Identifying the links in the value chain
Editor's note: Eric M. Whipkey is director of client and consumer insights at Sodexo, a global quality of life services company with operations in the U.S., Canada and Mexico.
This article reimagines consumer research through the lens of the business-to-business researcher or, more accurately, the business-to-consumer-for-business (B2C4B) researcher. I often hear those in the B2B space say, “What does consumer research do for us? Our client knows what they want.” This may well be true but before you turn the page, let’s take another look and ask a few questions:
Would knowing who your client’s customers are help the sales team sell more of your services/products?
Would knowing how people talk about your client and/or your client’s services on social media help?
Would knowing what types of services are of most interest to these customers help?
Would understanding the needs of your client’s customers help you develop new product ideas to sell to your clients?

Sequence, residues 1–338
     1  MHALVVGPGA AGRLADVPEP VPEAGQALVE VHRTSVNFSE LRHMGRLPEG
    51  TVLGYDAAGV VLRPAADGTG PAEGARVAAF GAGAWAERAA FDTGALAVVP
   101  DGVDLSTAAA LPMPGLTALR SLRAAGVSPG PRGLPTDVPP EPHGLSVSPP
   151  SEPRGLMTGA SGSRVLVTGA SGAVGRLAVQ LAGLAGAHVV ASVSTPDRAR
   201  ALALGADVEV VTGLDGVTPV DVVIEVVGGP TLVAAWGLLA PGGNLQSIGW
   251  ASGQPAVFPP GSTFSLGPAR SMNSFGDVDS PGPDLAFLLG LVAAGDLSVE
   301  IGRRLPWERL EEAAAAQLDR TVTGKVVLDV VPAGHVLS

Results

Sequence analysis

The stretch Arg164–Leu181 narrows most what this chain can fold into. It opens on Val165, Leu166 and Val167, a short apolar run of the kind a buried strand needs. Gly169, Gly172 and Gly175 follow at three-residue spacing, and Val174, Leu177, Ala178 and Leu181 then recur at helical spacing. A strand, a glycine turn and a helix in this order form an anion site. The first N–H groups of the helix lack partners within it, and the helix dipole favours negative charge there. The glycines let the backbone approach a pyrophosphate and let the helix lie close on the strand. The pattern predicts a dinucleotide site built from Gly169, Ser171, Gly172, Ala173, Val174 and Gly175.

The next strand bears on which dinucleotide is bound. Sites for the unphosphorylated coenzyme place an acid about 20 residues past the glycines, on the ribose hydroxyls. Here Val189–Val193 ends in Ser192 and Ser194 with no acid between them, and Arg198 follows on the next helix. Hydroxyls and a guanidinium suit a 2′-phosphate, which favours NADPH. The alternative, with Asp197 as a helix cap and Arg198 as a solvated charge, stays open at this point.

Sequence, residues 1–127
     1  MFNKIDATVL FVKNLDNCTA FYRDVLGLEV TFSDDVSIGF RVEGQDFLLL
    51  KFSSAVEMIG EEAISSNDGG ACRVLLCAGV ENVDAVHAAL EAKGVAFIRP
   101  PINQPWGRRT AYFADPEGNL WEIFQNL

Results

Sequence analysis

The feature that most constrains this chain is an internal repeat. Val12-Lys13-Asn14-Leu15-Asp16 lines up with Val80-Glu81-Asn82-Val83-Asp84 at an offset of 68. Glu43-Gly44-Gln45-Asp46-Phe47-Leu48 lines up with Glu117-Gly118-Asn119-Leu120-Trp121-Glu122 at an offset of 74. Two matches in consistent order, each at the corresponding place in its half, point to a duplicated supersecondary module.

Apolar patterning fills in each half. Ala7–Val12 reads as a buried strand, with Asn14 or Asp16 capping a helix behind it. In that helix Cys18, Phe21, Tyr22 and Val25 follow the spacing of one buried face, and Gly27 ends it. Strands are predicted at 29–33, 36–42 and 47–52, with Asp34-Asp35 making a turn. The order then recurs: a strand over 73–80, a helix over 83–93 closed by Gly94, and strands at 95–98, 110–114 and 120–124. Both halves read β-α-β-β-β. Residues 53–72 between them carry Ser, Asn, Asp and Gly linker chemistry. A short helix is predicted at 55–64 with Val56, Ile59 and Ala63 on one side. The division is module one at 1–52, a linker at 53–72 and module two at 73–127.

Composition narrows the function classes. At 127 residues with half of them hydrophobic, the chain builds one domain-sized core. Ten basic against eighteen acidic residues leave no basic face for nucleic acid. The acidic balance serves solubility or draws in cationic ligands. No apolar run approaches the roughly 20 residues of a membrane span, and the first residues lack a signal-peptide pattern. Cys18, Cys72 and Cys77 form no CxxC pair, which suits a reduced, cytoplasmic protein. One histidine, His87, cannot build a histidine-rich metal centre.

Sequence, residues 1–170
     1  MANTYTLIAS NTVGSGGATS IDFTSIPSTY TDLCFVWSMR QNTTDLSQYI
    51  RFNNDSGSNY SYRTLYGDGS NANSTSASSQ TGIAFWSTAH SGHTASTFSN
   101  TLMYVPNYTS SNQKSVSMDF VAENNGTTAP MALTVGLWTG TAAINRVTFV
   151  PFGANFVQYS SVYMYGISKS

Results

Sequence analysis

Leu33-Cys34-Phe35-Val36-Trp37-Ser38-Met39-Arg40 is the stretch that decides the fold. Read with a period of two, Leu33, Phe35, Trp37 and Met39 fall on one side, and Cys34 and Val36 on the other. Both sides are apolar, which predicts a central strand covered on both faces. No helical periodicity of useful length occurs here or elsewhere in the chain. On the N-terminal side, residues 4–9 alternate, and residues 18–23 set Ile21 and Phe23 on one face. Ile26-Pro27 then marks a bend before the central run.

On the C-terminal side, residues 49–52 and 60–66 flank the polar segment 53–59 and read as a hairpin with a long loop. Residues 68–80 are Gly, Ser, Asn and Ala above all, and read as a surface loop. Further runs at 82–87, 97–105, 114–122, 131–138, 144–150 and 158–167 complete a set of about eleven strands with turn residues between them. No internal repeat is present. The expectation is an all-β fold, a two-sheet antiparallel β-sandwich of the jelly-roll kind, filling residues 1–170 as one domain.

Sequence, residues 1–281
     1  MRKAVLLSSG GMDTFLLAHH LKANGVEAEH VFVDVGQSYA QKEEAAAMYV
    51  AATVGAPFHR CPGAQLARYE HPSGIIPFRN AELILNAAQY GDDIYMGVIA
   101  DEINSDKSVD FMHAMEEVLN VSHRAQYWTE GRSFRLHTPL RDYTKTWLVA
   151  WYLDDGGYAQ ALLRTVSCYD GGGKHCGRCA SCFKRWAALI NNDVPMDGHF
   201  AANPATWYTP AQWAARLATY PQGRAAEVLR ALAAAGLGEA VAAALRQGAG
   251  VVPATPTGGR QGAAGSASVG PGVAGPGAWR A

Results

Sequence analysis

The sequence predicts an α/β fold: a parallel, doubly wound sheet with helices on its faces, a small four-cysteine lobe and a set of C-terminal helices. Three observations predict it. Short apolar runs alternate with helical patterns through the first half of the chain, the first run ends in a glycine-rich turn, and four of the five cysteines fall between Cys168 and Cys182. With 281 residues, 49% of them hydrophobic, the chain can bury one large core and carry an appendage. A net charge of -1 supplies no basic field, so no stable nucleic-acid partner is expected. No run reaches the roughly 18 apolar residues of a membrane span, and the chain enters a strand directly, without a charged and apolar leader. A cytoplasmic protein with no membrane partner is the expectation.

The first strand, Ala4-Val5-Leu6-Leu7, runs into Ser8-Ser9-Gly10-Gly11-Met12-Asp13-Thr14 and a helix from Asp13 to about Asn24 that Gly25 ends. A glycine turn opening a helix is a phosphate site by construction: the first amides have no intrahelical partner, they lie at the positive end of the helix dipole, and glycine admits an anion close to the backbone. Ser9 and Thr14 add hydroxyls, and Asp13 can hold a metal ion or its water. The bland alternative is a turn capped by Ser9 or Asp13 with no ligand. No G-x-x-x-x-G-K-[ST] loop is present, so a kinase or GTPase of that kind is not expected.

My guess is that if you answered no to these questions, your clients ARE your customers. In other words, there are no other links in the value chain. If you answered yes, you are probably providing services or products that are later consumed by others in the chain. Outsourced services that impact the quality and satisfaction of end-user experience come to mind, such as facilities management or food services, as do manufactured products like engine parts, building supplies, medical devices, etc.
If your products are sold to a client that then sells or sources that product to another level of consumer, you may well be able to spin gold for you and your clients by better understanding the needs of the next level or two of that value chain. The question really becomes, who is your client’s “ultimate client” and how can you help your client to better understand them? What’s more, what could this do for your relationship with your clients?
Let’s revisit those questions: